- Born in the late 60's, Chesy hails from a Welsh mining village with a long name and was pretty glad when he got the Hell out of there. He got into Rock/Metal in about 1980, thanks to a TISWAS related incident (Rainbow video for All Night Long) and thankfully has never looked back. Chesy often sang solo in the school choir, but thanks to a puberty related incident his voice is now completely bolloxed, although in his own head Paul thinks he sounds like a blend of Coverdale and Dio (R.I.P). He was brought up on the classics - Deep Purple, Rainbow, Thin Lizzy, Rush, Whitesnake and loved melodic rock and the Hair Bands of the 80's. (Nowadays, he has progressed a little and prefers a more technical and/or progressive metal - Dream Theater, Rush, Symphony X, Porcupine Tree, Pain Of Salvation, Spock's Beard. He hates Black and Death Metal (can't stand the grunting) but for some unknown reason loves the magnificent Opeth! He wont stop this blog until his beloved FM finally play the likes of the NEC as a headlining act!!!
Sunday, 26 January 2014
Transatlantic - Kaleidoscope Album Review
There aren’t that many bands, or come to think of it, so called “super-groups’ with the pedigree of Transatlantic. A fully-fledged band despite all members having day jobs, Transatlantic are fully fledged members of the prog fraternity. All have bought in with their heart and soul to the modern masters making prog accessible and de rigueur!
It’s been 5 years since the single-track album that was The Whirlwind. That does not mean that Kaleidoscope is any less epic. To be honest it doesn’t matter if a son is 2 minutes or 32 minutes in length, as long as it’s a good one (we have the last track weighing in at almost 32).
Despite the guys all having other day jobs its great that they still want to get together to make great music. Despite a hiatus when Morse left SB to find God, it’s a band that has vowed to continue to make music as long as time allows. These 4 lads are probably some of the hardest working guys in the musical world. Its been the continued partnership of Morse and Portnoy that led them back together for The Whirlwind. The prog world would have a hole in it if these four were not to record together. All are great in their own individual parts, but there’s a definite spark when the are together as Transatlantic.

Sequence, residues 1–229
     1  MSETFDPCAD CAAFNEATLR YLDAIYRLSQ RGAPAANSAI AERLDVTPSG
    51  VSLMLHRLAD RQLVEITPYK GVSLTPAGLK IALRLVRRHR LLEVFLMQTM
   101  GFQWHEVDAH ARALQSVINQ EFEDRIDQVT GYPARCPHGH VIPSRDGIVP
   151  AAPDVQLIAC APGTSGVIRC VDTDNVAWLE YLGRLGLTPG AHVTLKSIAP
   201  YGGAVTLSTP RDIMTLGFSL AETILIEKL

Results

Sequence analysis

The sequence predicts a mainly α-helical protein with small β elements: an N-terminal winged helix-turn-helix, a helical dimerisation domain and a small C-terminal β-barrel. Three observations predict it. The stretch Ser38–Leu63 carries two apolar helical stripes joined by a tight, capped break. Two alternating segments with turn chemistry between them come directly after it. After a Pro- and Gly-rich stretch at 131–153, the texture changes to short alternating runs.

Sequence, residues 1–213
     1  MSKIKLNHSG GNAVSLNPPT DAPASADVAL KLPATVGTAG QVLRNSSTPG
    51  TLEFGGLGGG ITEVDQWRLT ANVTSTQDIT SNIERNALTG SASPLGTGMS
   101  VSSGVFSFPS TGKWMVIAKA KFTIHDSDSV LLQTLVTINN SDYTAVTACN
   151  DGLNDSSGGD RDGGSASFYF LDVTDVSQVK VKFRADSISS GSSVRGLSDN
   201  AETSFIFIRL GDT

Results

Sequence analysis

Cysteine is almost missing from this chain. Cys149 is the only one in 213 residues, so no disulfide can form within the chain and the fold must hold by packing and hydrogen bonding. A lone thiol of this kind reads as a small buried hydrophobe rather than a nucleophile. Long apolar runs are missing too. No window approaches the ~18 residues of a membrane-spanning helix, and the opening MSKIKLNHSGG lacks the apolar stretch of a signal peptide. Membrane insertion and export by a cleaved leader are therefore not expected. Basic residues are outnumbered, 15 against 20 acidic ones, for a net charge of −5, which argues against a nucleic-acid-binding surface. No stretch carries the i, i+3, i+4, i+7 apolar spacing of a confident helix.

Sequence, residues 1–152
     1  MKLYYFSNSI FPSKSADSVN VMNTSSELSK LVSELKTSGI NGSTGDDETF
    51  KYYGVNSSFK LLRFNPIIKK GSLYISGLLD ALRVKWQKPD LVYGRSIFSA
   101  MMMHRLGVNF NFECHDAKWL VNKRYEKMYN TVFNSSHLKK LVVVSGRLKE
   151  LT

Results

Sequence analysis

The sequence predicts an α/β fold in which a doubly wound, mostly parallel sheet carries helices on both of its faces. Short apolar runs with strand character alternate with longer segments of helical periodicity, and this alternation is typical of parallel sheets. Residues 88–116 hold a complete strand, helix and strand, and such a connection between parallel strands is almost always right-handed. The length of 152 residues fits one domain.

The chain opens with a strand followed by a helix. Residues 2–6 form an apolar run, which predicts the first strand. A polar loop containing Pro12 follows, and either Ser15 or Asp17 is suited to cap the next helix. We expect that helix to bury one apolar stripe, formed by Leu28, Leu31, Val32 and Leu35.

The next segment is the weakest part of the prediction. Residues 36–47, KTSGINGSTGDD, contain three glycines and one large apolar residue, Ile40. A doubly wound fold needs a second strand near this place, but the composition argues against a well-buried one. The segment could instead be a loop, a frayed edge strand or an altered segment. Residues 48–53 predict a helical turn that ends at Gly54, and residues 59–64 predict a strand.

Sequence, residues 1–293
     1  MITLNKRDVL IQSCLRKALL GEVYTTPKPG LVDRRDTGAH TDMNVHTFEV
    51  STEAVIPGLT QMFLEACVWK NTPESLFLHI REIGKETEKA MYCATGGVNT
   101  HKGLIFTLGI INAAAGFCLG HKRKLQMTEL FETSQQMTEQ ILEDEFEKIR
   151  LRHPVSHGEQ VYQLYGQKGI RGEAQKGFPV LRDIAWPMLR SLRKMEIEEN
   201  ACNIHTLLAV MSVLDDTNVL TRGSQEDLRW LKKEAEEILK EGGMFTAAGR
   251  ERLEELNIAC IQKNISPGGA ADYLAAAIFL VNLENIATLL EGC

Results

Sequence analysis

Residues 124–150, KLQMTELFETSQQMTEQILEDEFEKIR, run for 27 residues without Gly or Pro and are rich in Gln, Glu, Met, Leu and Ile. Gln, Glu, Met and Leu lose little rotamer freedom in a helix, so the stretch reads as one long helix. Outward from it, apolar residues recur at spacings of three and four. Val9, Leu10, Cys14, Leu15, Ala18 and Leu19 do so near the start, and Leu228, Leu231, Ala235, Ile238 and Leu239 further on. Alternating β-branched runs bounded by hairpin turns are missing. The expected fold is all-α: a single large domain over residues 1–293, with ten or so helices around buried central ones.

Only Shine on the new album was written outside of Transatlantic. Morse wrote this before his excellent Momentum album was released and it screamed to him of Transatlantic. This aside, the rest come together purely as their songs and not leftovers from their main bands work.
It’s a mere 5 songs in total, with three shorts songs sandwiched in-between 2 epic length tracks. Opener, ‘Into The Blue’ is a mere 25mins long and takes you on a long journey with the music rising, falling, and rising again continuously throughout the whole piece. Daniel Gildenlow of Pain Of Salvation makes a very welcome cameo ¾ thru. Lyrically it references St Paul’s writings, but it’s not per se religious and in your face. “Shine’ was the pre launch track that is a Neal Morse gem, and is as close as Transatlantic come to being commercial as they dare, and even at 7 mins it just speeds along, and a special mention to Roine Stolt’s wonderful guitar playing.
‘Black As The Sky’ is Transatlantics upbeat track with more than a passing nod given to Yes in their heyday, with a touch of Dream Theater thrown in for added measure, and is a heavy a song as they have ever performed as Transatlantic. ‘Beyond The Sun’ brings Rich Mouser in on pedal steel guitar, and it is an emotional ballad, with a continuum brining an added haunting feel to proceedings. Title track ‘Kaleidoscope’ is typical of then, with an instrumental beginning, and reminds me of Spock's Beard's lengthy and fine opuses. Stolt takes over vocal duties in the middle section before vocals depart and the music entwines its crescendo for the final 9 minutes and it really is a monumental and epic track.
Very few bands have the capacity or audacity to perform songs in the true vein of progressive rock. Thankfully Transatlantic do, and their sheer class turn it into an Olympic event. Everything is thrown at the audience, but not just for pompousness, all is being done for good reason, to take you of a wondrous and fantastic aural journey.
Kaleidoscope is aptly named, as it brings together the rich colours that are the 4 guys individual personalities, background and influences, and entwine all this into a sonic tapestry, and it makes for a very unique band and listening experience.
Existing fans will lap this gem up in droves. Its definitely worth the added money for the 3 disc Deluxe set which includes a DVD, and covers by the likes of Yes, ELO, Focus, King Crimson, Procul Harum, Elton John and The Moody Blues.
Into The Blue
Black As The Sky
Beyond The Sun